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    Dear pharmacists: Are those white coats really necessary?

    Dennis MillerDennis MillerMany healthcare-related schools recognize student achievements in what is known as a “white-coat ceremony.” A relatively new ritual in such professions as pharmacy, medicine, dentistry, nursing, etc., it marks the student's transition from the study of preclinical to clinical health sciences. Over 100 U.S. medical schools now have such a ceremony, and many students consider it a rite of passage in the journey toward a healthcare career.

    Critics believe that these ceremonies create a sense of entitlement to trust and respect that is unhealthy and likely to foster an elitism that separates patients from healthcare professionals.

    Many allege that white-coat ceremonies have taken on a quasi-religious significance that symbolizes the “conversion” of a lay person into a member of the healthcare profession, similar to ordination of a priest into a religious hierarchy.

    See also: Pharmacists and phone etiquette

    Along related lines, in 1979, Robert Mendelsohn, MD, a pediatrician and faculty member at the University of Illinois, wrote the controversial classic Confessions of a Medical Heretic. In that book, he laid out the case that most of modern medicine is in fact a religion, rather than a science.

    As to the origin of medicine’s priestly robes, Wikipedia states:

    In the nineteenth century, respect for the certainty of science was in stark contrast to the quackery and mysticism of nineteenth century medicine. To emphasize the transition to the more scientific approach to modern medicine, physicians sought to represent themselves as scientists and began to wear the most recognizable symbol of the scientist — the white laboratory coat.

    Distance

    Many observers say that white coats increase the distance between patients and doctors. During my career, I avoided wearing a white coat, because I felt that it increased the distance between me and the customers whose prescriptions I filled.

    See also: What kinds of pharmacists get under your skin?

    Of course, my district supervisors weren't pleased when they walked into the chain drugstore where I worked and saw that I wasn't wearing the corporate-issued white pharmacist's smock.

    The chains I worked for strongly encourage pharmacists to wear the company-issued smock. Pharmacists who balk at wearing it are seen as not being team players and are likely to be admonished to wear it.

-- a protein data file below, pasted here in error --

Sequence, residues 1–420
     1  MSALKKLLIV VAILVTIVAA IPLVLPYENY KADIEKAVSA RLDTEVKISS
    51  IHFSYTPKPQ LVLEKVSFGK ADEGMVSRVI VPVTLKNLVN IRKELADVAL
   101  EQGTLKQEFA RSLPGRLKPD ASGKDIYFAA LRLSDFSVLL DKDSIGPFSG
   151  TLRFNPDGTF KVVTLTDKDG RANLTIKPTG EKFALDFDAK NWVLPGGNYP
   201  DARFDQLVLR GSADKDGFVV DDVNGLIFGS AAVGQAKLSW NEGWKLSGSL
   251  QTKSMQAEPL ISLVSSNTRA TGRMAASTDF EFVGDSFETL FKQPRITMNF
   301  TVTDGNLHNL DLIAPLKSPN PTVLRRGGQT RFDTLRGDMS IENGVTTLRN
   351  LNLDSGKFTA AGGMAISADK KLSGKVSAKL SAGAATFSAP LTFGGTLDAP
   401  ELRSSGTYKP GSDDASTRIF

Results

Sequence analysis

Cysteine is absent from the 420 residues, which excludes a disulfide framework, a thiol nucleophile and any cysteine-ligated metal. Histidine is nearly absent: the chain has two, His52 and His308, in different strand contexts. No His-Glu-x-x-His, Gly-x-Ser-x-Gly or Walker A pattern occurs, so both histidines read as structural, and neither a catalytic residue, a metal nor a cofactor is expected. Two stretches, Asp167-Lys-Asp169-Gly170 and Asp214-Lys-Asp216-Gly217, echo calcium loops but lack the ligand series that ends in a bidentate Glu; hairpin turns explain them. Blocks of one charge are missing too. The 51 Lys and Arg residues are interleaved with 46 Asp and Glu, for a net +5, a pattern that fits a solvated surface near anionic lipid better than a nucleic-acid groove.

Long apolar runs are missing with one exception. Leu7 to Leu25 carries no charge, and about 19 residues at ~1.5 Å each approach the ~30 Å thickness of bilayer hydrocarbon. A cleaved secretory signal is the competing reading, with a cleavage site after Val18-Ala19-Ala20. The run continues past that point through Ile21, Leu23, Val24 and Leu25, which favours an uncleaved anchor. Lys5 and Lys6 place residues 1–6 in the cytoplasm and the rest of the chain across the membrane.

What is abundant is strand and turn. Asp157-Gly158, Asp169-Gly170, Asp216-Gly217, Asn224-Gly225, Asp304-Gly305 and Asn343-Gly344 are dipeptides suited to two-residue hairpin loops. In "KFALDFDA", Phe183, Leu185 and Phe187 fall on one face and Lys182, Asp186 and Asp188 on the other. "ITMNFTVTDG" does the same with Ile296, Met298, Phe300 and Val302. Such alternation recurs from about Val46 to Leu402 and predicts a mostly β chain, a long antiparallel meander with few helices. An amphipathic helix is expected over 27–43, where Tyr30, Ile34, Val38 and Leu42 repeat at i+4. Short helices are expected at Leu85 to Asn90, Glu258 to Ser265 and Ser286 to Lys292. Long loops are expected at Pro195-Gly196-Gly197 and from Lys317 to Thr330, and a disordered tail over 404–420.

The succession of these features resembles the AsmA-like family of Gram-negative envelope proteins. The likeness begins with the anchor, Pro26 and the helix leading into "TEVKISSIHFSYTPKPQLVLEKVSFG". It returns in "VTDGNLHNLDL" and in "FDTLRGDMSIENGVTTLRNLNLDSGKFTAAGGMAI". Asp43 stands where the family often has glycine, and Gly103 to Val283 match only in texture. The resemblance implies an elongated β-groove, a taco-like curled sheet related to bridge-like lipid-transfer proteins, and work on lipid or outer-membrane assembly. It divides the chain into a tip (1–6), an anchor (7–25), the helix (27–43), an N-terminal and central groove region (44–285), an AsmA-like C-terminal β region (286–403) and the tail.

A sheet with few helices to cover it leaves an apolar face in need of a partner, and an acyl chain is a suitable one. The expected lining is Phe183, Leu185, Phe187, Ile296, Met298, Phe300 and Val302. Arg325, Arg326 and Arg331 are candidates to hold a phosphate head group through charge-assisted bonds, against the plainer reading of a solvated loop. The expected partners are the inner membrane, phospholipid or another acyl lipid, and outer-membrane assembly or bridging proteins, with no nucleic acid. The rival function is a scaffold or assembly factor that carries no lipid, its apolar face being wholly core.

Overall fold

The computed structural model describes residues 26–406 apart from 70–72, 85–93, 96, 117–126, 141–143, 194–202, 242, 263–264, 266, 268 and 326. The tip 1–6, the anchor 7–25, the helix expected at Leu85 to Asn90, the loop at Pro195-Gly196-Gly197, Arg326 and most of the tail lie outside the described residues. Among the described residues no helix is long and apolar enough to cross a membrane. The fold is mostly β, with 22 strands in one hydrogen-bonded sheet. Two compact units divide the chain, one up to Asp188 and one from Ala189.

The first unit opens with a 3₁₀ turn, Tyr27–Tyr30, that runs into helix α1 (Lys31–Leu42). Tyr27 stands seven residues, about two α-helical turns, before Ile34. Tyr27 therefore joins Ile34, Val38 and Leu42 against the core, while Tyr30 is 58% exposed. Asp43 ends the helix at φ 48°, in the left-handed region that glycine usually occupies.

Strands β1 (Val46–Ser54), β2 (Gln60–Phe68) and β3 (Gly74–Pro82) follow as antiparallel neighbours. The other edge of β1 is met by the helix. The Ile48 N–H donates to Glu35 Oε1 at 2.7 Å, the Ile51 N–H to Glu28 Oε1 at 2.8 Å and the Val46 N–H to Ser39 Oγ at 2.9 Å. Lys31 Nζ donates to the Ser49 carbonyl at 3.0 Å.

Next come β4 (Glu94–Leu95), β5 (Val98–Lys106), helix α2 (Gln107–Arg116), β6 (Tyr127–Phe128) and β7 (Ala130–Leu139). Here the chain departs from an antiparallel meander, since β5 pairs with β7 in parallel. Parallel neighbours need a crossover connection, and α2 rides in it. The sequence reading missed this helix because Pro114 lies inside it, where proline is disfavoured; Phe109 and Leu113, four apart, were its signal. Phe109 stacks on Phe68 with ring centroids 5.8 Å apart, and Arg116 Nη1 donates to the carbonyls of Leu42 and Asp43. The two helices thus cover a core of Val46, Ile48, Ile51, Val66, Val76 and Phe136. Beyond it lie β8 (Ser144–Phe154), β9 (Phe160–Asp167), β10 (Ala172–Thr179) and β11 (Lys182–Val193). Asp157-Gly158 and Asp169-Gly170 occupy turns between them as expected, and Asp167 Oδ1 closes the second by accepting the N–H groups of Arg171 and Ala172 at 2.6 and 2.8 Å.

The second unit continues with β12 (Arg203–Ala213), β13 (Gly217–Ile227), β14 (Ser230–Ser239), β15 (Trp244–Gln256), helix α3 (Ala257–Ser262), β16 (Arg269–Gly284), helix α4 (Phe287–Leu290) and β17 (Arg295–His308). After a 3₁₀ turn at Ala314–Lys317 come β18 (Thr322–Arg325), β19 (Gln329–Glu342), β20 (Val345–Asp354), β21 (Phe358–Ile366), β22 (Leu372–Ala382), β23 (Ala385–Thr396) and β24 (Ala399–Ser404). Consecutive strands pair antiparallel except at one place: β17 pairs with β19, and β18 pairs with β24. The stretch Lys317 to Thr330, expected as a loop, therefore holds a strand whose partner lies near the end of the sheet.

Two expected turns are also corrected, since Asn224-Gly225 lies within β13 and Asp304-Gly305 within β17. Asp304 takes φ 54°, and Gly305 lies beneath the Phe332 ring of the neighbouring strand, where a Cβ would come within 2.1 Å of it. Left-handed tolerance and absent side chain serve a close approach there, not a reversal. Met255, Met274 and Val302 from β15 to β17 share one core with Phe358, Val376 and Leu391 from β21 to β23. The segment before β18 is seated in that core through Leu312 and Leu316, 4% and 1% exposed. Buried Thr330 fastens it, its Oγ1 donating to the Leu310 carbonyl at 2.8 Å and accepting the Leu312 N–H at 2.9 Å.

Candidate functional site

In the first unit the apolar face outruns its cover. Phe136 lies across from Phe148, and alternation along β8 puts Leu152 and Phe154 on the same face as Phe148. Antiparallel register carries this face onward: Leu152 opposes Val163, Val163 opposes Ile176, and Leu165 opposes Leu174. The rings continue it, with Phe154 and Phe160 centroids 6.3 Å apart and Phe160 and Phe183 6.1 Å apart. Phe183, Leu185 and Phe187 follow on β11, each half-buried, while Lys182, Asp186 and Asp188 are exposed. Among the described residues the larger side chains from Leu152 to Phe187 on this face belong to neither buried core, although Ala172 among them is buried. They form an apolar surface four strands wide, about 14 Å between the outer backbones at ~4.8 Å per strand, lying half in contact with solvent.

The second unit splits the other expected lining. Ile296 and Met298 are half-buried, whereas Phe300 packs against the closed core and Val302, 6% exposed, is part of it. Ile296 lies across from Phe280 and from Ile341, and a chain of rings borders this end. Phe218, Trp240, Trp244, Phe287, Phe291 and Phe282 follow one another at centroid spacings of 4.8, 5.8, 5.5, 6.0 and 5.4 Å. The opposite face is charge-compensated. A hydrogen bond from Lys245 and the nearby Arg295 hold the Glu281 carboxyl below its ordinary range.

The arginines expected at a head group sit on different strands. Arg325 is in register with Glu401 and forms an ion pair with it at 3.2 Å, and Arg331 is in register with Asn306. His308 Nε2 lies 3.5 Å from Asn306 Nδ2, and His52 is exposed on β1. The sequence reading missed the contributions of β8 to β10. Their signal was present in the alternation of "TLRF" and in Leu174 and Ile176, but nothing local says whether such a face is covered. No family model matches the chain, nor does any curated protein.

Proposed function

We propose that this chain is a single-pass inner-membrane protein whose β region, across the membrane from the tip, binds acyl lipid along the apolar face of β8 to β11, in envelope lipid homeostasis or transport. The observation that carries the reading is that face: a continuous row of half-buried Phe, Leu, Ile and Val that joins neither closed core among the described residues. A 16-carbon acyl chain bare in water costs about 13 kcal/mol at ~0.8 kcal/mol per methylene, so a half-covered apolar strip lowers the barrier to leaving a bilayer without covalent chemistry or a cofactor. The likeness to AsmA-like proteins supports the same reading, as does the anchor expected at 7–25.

Uniformity

    Corporations want uniformity. That includes wearing a white coat and tie. My admittedly unscientific observation is that, in contrast to chain pharmacists, independent pharmacists wear white coats much less often. Independent pharmacists don’t have to conform to chain standardization and what I call the robotization of pharmacists.

    “White-coat hypertension”

    White coats clearly intimidate patients, as evidenced by the well-recognized phenomenon of “white-coat hypertension.”

    In our fast-paced managed-care universe, patients are lucky to spend 15 minutes with their physicians. Patients with white-coat hypertension can take their own blood-pressure readings at home and they’ll fall within normal limits. When readings are taken at their doctors’ offices, their blood pressure is elevated.

    These people are stressed and intimidated by white coats. In consequence, they may be prescribed unnecessary drugs — possibly for the rest of their lives — and have to contend with any associated side effects, when in reality, they may not actually have hypertension at all.

    If the physician prescribes blood-pressure drugs to patients who, in reality, have only white-coat hypertension, that would be substandard medical care.

    I doubt that such events are rare. According to a WebMD article titled “Beyond White Coat Syndrome” (webmd.com/anxiety-panic/features/beyond-white-coat-syndrome), “As much as 20 percent of the population suffers from ‘White Coat Syndrome,’ in which blood pressure surges when measured in the doctor’s office.”

    In my opinion, that statistic alone should be adequate reason for physicians to abandon their white coats.

    Dennis Miller, RPh
    Dennis Miller is a retired chain-store pharmacist living in Delray Beach, Fla. He welcomes feedback at [email protected] His books ...

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    • stevenblount12@------.com
      Thanks for sharing this article. I agree with you as you said that white coat is worn as a sign of authority and expectation of respect and I truly believe. A white coat is a sign for medical profession and yes, it gets dirty very easily in labs and in hospitals, but if we have more than one white coat, we can wear it alternately. But I think it is not necessary to wear only white coat, you can try different colors also. One of my friends recommended me some online stores like salusuniforms,scrubandbeyond, cheroke to get varieties of coats with different colors.
    • DougBennett
      Considering the problems with holdups in retail pharmacies, we probably should wear white coats to help conceal our shoulder holsters.
    • Mrs. cFazio Boss